I have been trying to find the time to take the little lady along to the Woodland Fairy Trail in Balfron for a while now. I know I’m a 34 year old woman, but I was pretty excited about it. Partly because I thought she’d love it and partly because I thought I would!
We headed along at the weekend, just the two of us, and had some really nice mummy daughter time. We managed to choose a beautiful day for it which probably helped, but it was such a sweet and well thought out activity for kids.
The Fairy Trail
The experience starts as soon as you get into the big barn building at reception. A lovely young gent with fairy wings on the back of his head gave us a map of the fairy trail and explained exactly where we were to go. (Despite that I still managed to go the wrong way at one point, but that was due my awful map reading skills.)
First you make your way round to the fairy village where you meet the biggest fairy in the forest inside his hut. You can find out your own fairy name there and write a question or little note to post in the tiny mail box for the fairies. You also collect your little clipboard with activity sheet here; on your way around the fairy village there are some things you have to find. If you find them you get a little prize at the end.
The fairy village has loads of little fairy houses with some really cute and really fun bits to see. There’s a wishing well; a wishing tree; little bridges to cross; gnomes to see; chimes placed throughout the village.
Each fairy door is different. They have their own numbers and there are little trinkets at most of the fairy houses (that the fairies collected for themselves, obviously). Some of them also have a name plate with the fairy’s name and a little bit about what that fairy likes.
Most of the fairy houses are in the fairy village but there are also a few dotted around the woodland walk that comes after the fairy village. The walk isn’t too long and there some bits you can cut out if you want to head back to the barn.
We had a standoff at one point during the woodland walk when she decided she’d had enough walking. To be fair to her it was a hot day, so she ended up on my shoulders for the last bit of the walk!
The little lady was so excited by the fairy houses. She knocked on every door (the fairies were all either asleep or at work unfortunately). She examined every trinket. She jangled every wind chime and spun every windmill.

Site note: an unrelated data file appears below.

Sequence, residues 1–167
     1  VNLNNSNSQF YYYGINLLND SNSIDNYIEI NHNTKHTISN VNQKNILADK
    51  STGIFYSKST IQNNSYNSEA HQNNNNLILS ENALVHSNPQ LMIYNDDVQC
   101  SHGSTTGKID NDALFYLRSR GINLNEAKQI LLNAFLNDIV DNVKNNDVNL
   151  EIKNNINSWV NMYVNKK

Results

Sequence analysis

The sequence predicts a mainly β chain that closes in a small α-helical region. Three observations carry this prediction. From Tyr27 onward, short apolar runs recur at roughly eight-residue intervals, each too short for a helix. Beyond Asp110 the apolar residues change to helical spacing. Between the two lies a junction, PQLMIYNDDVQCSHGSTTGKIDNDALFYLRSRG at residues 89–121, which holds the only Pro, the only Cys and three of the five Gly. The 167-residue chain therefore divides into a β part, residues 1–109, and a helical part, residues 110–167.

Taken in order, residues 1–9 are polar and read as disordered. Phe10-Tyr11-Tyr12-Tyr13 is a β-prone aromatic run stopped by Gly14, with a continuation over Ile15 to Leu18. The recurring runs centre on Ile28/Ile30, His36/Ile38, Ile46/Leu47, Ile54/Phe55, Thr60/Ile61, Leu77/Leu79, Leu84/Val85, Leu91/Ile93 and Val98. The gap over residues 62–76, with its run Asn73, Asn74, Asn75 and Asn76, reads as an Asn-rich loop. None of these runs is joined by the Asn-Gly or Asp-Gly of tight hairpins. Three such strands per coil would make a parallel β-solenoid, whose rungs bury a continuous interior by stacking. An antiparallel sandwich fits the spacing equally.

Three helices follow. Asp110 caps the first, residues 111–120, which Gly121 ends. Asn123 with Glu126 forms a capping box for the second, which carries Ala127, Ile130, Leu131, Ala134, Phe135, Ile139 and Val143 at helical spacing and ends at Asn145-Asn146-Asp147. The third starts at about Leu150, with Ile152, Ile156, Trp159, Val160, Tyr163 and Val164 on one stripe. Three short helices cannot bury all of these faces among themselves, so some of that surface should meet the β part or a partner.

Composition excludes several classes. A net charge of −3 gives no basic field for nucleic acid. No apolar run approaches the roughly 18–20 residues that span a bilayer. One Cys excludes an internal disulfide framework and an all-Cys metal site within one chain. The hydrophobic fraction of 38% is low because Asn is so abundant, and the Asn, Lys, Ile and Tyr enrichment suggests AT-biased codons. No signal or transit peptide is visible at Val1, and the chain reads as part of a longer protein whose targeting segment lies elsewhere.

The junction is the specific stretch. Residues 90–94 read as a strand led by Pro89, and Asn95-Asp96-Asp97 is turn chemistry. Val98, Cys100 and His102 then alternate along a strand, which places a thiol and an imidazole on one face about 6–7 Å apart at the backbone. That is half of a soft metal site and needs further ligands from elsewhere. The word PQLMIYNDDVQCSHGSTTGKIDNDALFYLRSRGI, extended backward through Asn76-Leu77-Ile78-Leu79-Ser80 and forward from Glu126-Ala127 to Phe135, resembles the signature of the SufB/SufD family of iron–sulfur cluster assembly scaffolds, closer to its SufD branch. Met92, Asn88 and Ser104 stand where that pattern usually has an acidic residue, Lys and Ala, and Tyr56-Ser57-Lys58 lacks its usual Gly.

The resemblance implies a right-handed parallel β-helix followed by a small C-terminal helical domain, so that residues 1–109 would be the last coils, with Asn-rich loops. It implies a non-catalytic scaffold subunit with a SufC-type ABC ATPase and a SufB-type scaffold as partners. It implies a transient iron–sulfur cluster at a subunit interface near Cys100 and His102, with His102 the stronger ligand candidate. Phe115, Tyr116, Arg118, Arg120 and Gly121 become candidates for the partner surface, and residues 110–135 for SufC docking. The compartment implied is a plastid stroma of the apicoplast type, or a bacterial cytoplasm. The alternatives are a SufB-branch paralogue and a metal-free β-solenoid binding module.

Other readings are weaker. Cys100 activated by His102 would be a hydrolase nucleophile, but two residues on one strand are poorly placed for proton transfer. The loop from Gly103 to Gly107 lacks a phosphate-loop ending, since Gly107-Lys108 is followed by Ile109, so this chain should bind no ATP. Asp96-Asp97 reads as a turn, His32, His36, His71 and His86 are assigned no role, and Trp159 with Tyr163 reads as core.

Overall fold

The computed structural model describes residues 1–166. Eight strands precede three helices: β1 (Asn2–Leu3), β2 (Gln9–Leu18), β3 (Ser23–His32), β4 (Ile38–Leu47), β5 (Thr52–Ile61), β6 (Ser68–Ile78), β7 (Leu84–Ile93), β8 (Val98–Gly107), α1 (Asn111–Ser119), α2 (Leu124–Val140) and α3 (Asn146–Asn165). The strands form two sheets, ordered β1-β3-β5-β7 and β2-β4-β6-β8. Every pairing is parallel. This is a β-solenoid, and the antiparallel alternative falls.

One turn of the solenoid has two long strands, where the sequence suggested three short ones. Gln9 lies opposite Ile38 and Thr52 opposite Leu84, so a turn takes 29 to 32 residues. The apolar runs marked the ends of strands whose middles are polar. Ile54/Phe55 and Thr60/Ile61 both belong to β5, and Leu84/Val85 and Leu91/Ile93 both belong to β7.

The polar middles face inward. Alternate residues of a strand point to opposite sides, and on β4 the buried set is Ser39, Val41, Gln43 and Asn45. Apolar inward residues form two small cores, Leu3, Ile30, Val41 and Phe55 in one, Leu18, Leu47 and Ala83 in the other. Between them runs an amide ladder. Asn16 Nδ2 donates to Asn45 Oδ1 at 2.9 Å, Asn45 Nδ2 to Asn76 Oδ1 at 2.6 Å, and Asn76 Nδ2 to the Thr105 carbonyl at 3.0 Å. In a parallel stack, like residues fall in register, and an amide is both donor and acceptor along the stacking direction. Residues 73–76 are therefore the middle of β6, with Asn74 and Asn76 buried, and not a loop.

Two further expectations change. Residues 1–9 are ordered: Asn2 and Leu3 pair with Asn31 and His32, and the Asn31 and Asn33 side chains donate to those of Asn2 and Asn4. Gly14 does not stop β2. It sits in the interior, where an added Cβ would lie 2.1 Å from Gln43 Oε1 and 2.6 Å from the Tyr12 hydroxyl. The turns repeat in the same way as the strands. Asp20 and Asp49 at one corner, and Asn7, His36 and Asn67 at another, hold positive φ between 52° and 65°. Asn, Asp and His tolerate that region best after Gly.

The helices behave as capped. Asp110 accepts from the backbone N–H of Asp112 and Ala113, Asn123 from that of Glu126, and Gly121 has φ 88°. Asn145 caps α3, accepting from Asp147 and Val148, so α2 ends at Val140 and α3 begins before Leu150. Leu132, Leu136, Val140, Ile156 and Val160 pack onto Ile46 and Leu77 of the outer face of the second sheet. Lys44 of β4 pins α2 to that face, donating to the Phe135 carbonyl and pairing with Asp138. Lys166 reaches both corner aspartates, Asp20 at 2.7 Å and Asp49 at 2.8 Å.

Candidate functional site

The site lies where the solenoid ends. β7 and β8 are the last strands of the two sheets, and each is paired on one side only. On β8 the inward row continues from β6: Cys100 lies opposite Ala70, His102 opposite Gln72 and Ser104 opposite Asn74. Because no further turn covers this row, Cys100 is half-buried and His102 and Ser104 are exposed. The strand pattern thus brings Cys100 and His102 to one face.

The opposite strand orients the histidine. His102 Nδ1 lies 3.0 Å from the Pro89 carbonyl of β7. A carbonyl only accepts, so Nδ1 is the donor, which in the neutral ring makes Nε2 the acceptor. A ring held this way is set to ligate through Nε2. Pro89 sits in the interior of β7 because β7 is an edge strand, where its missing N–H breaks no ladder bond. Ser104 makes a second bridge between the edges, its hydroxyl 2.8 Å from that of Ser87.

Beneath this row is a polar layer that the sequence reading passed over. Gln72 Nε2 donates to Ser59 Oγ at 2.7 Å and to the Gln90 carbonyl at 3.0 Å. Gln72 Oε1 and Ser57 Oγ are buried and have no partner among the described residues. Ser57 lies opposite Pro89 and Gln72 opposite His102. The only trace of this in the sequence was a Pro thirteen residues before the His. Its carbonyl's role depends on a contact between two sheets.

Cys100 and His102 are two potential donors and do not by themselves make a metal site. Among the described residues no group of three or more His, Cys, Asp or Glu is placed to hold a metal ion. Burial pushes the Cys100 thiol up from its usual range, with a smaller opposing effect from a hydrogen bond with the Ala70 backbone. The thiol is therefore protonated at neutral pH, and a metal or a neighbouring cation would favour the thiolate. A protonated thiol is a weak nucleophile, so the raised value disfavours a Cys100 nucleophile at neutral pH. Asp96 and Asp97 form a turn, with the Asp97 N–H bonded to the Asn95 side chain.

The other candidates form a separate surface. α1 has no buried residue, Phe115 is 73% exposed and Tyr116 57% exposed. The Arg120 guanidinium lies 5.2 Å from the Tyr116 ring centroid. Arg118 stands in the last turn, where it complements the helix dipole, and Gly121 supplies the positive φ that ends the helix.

When you get back to the barn at the end you can have a seat, do a little colouring and have some free tea/coffee/juice. You can also pick up your prize.
It was £8 for the two of us; £4 per person. For that you get your trip around the fairy trail to the fairy village, an activity sheet to complete on the way round, tea/coffee/juice at the end and a little treat if you complete the task that the big fairy sets you before your visit to the fairy village.
The Extra Bits
It was around a 40 minute drive for us in the mid-afternoon. It is easy to find though and is quite near Balloch if you wanted to make a wee day of it. There’s plenty parking available.
There is a buggy park at the entrance to the fairy village. The paths around this part are quite narrow (it is built for and by fairies after all) and I don’t think you’d get a pram around there very easily.
Most of the woodland walk (after you visit the fairy village) is a loose stony path. We didn’t take ours but I did see a few people wandering round with prams and they looked like they were doing ok! I think it’ll just depend on your style of pram whether it’ll be easy or smooth to get around.
The whole Woodland Fairy Experience is really nicely done. The little lady had a great time and she loved everything about the fairy village. It was a really magical experience for her.
For us, because she had such a great time, it was worth the drive out. And it’s not too expensive when you get there either.
The Woodland Fairy Experience is located in North Ballochruin Farm,
Balfron, G63 0LE. It is open Thursdays, Saturdays & Sundays until September 2016.